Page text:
I wanted to see the relationships between words of an AI generated text.

The text itself was the result of a fine-tuned version of GPT3 and is as follows:

The photograph shows two people in their bathrobes walking along a crowded side street in Chinatown. The street is covered in snow and the rooftops, too, are blanketed with white. The woman is a forlorn figure. She appears to be hurrying along, as if late for an appointment or missing the last streetcar home. In truth, she simply seems uncomfortable, unsure where to place her arms and afraid to touch the shopping bags of food she carries. Her face is hidden from us by the balloon of her collar, the brim of her hat and by the shoulder of her companion, who is a handsome, dark-haired man. At his side, he carries a small white dog. Both are seen walking away, some distance apart and as if each proceeds on an errand of his own. How am I to know this? Read the word on his shirt, walk. Was my father somehow walking? Look at the figures behind the lone woman and her dog man. At each turn of the street, they, too, leave a station to proceed on their way. The repetition itself mesmerizes. We are in mid-winter. All but this couple — the woman, the dog man and several others — have books and bags of food. Their destination does not appear to be desirable. Their exhaustion shows in their faces — in the eyes and corners of mouths. Their passage is a test of their endurance and ability to endure together. There is no evidence that, like the woman and dog man, they share the same destination. Would I have thought, She is on her way to the bathrobe man — or, the bathrobe man on his way to her? I think, No. Nothing would have occurred between them but distance. There is fear and that, too, is mysterious. There is the length of the journey and I think this is what makes me, her, sad and also angry.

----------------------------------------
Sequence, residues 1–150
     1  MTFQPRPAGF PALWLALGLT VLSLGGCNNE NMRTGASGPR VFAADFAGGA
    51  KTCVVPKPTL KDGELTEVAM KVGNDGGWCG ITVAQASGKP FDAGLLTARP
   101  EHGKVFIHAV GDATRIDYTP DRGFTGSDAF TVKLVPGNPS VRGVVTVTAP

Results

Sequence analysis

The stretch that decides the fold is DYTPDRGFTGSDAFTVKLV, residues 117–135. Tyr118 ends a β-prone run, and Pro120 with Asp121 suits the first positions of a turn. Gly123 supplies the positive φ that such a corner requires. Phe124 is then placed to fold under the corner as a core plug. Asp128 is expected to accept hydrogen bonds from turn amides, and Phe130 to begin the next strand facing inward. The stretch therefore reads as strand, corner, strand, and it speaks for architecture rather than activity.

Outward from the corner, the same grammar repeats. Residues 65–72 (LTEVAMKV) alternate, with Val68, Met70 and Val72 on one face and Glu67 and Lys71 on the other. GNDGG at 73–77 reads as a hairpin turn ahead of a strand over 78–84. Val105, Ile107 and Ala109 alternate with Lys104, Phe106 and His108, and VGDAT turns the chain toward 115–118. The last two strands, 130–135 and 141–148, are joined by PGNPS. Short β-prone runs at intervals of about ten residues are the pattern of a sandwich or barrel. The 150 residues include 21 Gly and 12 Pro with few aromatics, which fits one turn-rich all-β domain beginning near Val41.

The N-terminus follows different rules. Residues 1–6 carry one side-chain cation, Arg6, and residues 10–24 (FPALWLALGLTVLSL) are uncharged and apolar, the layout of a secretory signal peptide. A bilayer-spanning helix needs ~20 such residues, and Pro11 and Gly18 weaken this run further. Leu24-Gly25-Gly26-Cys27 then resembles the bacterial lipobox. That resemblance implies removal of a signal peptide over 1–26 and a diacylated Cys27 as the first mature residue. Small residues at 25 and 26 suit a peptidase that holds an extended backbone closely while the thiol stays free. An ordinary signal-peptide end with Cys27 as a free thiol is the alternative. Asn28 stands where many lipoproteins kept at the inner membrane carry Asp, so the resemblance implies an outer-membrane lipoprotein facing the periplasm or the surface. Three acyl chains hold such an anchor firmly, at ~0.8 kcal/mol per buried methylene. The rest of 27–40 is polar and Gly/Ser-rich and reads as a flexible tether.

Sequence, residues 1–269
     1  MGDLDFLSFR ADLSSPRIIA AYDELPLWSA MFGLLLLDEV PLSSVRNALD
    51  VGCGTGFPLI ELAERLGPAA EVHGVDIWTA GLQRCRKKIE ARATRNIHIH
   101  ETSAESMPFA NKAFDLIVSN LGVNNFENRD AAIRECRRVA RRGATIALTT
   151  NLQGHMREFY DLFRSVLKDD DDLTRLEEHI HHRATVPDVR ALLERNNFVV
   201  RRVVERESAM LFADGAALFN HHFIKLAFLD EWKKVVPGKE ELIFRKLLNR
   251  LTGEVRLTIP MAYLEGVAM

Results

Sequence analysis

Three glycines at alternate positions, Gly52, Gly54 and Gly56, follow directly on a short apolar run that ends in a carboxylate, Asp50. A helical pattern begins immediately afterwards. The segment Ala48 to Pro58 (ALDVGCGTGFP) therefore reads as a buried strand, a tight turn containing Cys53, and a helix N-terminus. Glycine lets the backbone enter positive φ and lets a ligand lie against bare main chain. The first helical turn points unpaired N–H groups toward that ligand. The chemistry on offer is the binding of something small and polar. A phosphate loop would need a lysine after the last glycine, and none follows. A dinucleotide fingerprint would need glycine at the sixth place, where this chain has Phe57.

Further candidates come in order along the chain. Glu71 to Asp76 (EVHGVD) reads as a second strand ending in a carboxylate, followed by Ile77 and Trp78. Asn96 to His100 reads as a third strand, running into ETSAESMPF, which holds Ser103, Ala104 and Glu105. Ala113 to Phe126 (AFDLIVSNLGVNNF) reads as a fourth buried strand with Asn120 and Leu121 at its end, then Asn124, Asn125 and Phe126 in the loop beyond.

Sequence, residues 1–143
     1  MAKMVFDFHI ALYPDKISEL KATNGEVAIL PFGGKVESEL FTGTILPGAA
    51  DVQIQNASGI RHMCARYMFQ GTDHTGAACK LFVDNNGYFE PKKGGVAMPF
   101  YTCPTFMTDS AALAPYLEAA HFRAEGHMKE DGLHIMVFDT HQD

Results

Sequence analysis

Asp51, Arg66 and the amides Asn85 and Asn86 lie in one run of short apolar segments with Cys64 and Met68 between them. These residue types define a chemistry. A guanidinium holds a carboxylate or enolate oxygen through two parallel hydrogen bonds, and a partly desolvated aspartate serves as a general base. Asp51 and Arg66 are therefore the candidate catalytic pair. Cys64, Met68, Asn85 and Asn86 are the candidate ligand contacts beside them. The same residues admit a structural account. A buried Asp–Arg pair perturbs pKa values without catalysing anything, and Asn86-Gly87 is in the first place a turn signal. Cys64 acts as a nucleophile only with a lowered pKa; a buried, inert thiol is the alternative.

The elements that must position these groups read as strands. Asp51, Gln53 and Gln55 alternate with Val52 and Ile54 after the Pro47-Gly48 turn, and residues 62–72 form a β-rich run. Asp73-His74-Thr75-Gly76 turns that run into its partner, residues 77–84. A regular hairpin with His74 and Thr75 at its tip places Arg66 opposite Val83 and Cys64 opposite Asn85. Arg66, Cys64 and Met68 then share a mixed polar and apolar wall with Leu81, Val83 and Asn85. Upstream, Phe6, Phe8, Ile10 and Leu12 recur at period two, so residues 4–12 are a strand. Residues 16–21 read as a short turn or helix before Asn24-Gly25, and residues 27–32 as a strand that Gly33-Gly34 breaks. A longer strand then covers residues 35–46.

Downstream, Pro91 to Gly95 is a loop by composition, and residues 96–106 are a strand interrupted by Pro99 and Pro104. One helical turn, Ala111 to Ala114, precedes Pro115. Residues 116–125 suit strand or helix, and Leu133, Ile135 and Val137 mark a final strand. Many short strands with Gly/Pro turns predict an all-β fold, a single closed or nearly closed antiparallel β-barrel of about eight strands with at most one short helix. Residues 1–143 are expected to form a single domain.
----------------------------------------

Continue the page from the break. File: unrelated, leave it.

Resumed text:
This text was created by a specially fine tuned version of GPT3. My methods were to web-scrape all the plain-text poems from Poetry Foundation. I then took a sub-set of this large corpus and split them into prompt and response format with the logic that one line of the poem was the prompt, and the next line was the expected response. Fine-tuning was quick but expensive.

It was unrelated to my end goal, but then I fed the text directly to Dall-e.

Output by Dall-e

I needed to develop the data-structure that represented the words, and a Markov chain seemed the most direct approach to abstracting language into a structure. To that end I employed markovify, nltk, and networkx Python libraries to create an XML document for later consumption:

import nltk
import markovify
from nltk.tokenize import sent_tokenize, word_tokenize

import networkx as nx
from networkx.readwrite import graphml

with open("poem.txt", 'r') as f:
    text = f.read()

text_model = markovify.Text(text)

# Get the state dictionary
state_dict = text_model.chain.model

# Create a directed graph representing the Markov chain
graph = nx.DiGraph()
for source_state, next_states in state_dict.items():

    for dest_state, prob in next_states.items():
        print(dest_state, prob)
        print(source_state, dest_state)